Thursday, February 08, 2007

Very late to comment on

Through a happy co-incidence I had a chance to talk on the phone with Viator CEO Rod Cuthbert. If you are not familiar with Viator, they are an Australian based global online destination services company. It has been remiss of me not to talk about them before today.

Founded in 1999 they were one of the first to specialise in non-decrementive destination services (by non-decrementive I mean inventory that does not necessarily related to a specific seat on a specific day to a specific event like Ticketmaster or Ticketek).

Though they have had the early lead, this market is now a much more crowded space with each of the major full service players (Expedia, Orbitz, Travelocity etc) now fully stocked with inventory, old world players like GTA making their extensive inventory available through, the meta-search players attacking the space (eg Sidestep) and new entrants emerging every day such as the recently launched Isango.

I put it to Rod that these (especially the full service players) would present a significant challenge for Viator. I asked him about how worried he was about the advantage that the full service player might have in directing their huge flight volumes into a cross sell path involving destination services. Rod had a couple of good replies - here is what he said:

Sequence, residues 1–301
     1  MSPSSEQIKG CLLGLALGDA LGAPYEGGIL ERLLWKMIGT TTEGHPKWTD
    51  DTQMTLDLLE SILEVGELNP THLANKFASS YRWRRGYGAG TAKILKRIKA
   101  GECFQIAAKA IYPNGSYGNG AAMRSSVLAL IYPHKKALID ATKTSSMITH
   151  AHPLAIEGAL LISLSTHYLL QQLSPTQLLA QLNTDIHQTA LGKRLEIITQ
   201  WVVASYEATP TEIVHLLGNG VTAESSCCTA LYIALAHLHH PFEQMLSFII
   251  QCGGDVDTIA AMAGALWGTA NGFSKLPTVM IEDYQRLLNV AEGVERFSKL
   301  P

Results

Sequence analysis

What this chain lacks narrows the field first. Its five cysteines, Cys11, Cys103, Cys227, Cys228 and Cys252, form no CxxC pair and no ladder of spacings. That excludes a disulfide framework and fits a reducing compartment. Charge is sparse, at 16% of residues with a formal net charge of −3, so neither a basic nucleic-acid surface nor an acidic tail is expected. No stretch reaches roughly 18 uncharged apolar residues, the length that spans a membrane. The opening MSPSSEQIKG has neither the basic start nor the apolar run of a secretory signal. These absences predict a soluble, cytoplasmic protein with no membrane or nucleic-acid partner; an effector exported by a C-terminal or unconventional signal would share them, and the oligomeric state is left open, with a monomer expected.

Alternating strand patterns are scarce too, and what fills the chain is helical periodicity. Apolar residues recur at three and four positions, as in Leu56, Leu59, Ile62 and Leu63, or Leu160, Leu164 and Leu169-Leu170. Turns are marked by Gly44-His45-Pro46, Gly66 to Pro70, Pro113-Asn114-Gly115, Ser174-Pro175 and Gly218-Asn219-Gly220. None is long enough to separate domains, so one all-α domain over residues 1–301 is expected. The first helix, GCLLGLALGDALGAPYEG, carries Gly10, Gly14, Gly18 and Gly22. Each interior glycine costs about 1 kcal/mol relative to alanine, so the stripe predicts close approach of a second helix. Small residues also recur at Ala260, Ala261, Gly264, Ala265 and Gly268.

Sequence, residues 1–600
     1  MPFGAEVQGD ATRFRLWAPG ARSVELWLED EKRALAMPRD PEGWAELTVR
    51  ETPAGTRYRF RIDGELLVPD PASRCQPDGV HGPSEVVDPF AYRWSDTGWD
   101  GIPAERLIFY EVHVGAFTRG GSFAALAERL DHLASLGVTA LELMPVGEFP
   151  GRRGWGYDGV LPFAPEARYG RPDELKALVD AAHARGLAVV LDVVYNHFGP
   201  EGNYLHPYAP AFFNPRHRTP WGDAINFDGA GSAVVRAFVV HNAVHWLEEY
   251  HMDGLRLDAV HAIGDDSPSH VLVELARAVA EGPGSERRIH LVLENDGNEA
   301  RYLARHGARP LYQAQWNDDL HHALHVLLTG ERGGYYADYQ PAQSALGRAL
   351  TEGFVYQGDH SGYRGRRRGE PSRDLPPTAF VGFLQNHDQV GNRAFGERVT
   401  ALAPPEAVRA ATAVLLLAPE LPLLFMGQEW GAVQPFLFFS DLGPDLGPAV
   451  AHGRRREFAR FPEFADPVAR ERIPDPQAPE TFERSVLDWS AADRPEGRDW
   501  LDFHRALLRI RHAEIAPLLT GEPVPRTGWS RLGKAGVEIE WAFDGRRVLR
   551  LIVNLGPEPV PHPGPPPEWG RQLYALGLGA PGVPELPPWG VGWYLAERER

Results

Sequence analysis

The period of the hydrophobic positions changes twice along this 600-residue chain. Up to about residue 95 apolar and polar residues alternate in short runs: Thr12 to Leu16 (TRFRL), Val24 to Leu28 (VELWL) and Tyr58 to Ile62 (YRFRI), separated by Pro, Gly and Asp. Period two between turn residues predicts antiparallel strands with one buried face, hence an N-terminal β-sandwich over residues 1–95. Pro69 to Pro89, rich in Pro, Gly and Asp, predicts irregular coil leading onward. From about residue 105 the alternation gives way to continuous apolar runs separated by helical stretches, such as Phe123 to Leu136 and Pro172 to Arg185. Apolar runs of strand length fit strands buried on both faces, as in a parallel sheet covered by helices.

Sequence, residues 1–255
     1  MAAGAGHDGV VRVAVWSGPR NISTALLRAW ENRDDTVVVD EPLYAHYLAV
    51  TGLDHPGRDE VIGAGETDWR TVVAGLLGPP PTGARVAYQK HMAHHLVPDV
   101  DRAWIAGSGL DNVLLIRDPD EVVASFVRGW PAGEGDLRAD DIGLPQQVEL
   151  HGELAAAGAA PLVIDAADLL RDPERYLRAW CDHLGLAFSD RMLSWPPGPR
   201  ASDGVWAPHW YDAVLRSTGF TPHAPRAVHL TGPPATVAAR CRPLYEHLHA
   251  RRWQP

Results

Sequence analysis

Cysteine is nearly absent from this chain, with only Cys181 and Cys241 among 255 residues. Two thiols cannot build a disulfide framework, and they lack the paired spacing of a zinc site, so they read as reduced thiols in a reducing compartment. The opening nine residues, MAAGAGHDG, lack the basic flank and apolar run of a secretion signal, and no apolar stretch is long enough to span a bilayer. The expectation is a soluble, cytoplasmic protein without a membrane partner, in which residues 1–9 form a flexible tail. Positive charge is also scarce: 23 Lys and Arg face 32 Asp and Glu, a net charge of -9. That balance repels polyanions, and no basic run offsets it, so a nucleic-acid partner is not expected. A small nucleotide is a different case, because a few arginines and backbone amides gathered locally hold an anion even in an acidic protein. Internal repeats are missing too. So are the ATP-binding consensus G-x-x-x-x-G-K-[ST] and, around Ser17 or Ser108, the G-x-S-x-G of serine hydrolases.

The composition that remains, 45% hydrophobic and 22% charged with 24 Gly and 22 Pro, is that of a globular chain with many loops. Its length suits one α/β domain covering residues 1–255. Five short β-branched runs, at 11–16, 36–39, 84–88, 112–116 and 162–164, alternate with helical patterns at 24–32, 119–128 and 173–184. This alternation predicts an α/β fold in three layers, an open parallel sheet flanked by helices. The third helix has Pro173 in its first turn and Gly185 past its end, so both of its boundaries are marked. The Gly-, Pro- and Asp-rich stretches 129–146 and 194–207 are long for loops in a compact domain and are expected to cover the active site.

1. Search Engines: destination specific search engine traffic (ie "Las Vegas Tours", "Jet Boats in New Zealand" etc) favours the dedicated specialists rather than the full service players;
  2. Purchase Timing: purchase patterns for destinations services are not (with online consumers) aligned with travel arrangement - customers buy destination services at a later time to air and hotel, nullifying the advantage of the full service providers; and
  3. Focus: both in terms of the single product and technology focused, but also in their M&A activities including the recent purchase of Vegas based and focused LookTours.
On the corporate side they have some good backing with uber PE firm Carlyle and early funding from Australian VC Technology Venture Partners. Rod shared with me that projected 2007 revenues are $65mm and staff numbers are just short of 100. Naturally Viator see their future in an acquisition by one of the bigger players - but not yet. Claim they want to crack the $100mm revenue mark first - so looking for a deal in 2008 or 2009.

Well done to all at Viator (including some fellow Cendant/Travelport refugees such as great Ken Frohling) and best wishes in the battle with the full service players, meta-search and new entrants.

1 comment:

Anonymous said...

Viator is a good to find day activities. For multiday tours, appears to be a better website. At least, The Washington Post thinks so.